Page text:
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Airports expecting price control?

  • August 31st, 2011

Have the airports decided that price control may be inevitable, and they might as well be hung for a sheep as for a lamb? Are they gambling on getting a major pricing increase in before control cuts in, so they start from a higher base?

Why else would they go for price increases that are so far above what the Commerce Commission has signalled as the appropriate level?

At present they are only subject to disclosure regulation. But the Commission's announced input methodology for regulated disclosure could be simply converted to price control. The Stuff report quotes Air New Zealand CEO Rob Fyfe as surprised that Wellington airport had been "quite so flagrant in their disregard" of the commission's guidelines.  

If Wellington Airport has adopted what it describes as its actual cost of capital of 11.3 per cent a year, when the Commerce Commission methodology says an appropriate figure for airports is 7.8 per cent,  the gloves are clearly off.

The airports, and the lines companies and other bodies appealing against the Commission's announced methodologies may be counting on tying the courts up in procedural knots for the foreseeable future, so that the new methodologies are not applied. The new  merits review regime in the Commerce Act was supposed to prevent such gaming of the law for companies subject to price control (making it theoretically profitless by applying methodologies under challenge in the interim).

Perhaps the monopolies believe they have found ways to persuade the Courts to sidestep that anti-gaming provision.

Or perhaps for the airports at least there is a more simple calculation. The report mentions Court hearings in October. They are on the Commission's procedures, not the substantive methodology decision. It is now likely there will not be an outcome to substantive argument before 3rd quarter 2012. And then there will be appeals. So a methodology that Parliament meant to apply from 2010 could be in limbo for years to come.

Perhaps the airports calculate that price control is unlikely to be imposed while the methodology remains under challenge. They could feel that they should go for broke in pricing while they have the Commission tangled in court.  This theory would make sense of procedural challenges and advocacy for long delayed hearings, after an initial argument to the courts that airport matters demanded quick resolution, so much so that they should be separated out from appeals against methodologies for other sectors, and heard by a separate court.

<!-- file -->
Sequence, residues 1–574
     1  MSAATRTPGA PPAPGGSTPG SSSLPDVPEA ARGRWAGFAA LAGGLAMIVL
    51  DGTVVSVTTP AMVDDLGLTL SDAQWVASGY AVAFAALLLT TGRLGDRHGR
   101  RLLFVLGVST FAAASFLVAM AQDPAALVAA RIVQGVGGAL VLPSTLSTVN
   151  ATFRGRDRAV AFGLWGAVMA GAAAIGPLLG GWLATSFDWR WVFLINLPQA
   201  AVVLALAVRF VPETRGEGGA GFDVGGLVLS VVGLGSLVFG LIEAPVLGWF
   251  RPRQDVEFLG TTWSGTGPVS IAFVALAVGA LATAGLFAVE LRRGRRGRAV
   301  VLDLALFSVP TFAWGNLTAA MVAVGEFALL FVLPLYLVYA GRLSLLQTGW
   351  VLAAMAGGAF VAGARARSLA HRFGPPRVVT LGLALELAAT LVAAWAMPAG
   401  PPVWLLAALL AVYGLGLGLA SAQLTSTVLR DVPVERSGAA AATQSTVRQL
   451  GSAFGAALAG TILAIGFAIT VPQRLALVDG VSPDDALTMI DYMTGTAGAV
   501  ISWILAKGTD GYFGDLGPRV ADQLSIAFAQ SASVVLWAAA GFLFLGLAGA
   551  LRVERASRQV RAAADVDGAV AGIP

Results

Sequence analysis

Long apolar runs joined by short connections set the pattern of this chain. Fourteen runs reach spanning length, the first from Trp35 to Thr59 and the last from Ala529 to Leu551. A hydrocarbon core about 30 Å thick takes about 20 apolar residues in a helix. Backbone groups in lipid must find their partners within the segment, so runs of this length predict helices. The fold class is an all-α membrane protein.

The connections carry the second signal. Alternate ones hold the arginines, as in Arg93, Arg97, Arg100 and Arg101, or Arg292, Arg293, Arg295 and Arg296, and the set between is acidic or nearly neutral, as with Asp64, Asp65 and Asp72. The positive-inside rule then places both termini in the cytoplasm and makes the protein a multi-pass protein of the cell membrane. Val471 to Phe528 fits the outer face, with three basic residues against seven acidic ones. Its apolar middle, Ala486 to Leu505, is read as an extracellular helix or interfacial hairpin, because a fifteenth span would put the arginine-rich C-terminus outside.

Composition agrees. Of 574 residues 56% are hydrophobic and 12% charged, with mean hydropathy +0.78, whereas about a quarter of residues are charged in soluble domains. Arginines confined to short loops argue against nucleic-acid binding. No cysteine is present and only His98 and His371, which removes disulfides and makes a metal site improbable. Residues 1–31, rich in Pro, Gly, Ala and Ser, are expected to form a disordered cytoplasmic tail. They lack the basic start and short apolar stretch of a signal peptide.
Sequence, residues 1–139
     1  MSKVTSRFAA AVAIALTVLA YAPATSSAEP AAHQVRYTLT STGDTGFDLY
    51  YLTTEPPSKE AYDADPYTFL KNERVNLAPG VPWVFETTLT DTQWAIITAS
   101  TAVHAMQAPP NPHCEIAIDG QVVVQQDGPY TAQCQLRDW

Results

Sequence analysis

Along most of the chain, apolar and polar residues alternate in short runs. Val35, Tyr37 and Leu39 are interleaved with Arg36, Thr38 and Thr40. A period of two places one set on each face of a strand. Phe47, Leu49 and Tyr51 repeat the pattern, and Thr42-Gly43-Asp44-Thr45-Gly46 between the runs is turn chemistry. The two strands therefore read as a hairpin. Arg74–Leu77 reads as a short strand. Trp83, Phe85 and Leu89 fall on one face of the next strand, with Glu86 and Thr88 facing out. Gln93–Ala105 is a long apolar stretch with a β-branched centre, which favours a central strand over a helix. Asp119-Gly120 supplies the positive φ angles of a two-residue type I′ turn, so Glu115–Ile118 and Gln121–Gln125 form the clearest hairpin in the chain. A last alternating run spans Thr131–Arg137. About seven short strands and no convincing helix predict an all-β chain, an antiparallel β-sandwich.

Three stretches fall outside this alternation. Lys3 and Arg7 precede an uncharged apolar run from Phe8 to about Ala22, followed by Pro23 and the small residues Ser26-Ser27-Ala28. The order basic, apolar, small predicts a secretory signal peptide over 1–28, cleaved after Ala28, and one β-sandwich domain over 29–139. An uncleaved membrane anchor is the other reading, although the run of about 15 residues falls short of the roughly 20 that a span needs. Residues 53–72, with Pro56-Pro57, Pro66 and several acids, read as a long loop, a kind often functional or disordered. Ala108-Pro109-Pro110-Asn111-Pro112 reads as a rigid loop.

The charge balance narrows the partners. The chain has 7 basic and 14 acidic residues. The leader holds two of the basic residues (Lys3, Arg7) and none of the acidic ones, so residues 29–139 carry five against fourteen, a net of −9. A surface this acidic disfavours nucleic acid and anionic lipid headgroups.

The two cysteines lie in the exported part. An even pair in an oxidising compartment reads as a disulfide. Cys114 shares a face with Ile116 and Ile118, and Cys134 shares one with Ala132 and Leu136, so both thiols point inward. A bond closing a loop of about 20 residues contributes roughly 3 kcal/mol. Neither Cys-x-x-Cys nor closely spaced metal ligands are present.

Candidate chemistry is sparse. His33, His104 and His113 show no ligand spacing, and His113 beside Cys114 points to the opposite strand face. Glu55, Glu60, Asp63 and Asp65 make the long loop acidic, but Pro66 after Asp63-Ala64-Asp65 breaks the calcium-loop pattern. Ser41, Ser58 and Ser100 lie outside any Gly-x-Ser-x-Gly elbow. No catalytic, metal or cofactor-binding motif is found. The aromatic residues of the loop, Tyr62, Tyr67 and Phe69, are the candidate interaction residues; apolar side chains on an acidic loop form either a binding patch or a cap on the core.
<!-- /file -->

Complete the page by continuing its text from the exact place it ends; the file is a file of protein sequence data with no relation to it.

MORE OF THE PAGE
The early airport position and their later arguments have not hung well together. The theory above would explain the discrepancy.

Disclosure – Franks & Ogilvie is acting for user/consumer parties (represented by MEUG) in appeals against the Commission's announced input methodologies.


  • Kiwiwit
  • August 31st, 2011
  • 2:27 pm

Monopolistic infrastructure providers in this country such as the airports, power companies, NZ Post, etc., have stumbled on a tried and true formula for increasing value (and by “value” I really mean executive bonuses).

Firstly, you revalue (i.e. inflate) your assets. Then you complain that now you aren’t making an adequate return on capital, so you put up your prices. Then, surprise, surprise, your assets are worth more because of the increased return so you have to revalue your assets again. Then you complain that you aren’t making an adequate return on capital…

Pretty easy, really, especially as many of the assets we are talking about were paid for in the distant past by the taxpayer or ratepayer.

  • Philob
  • September 13th, 2011
  • 10:52 pm

Wellington airport is already charging a toll on arriving passengers. The taxis pass-on the rents they pay for their stands at $6 or $7 a ride; and private cars have to pay for "parking" ie stopping to pick up passengers.

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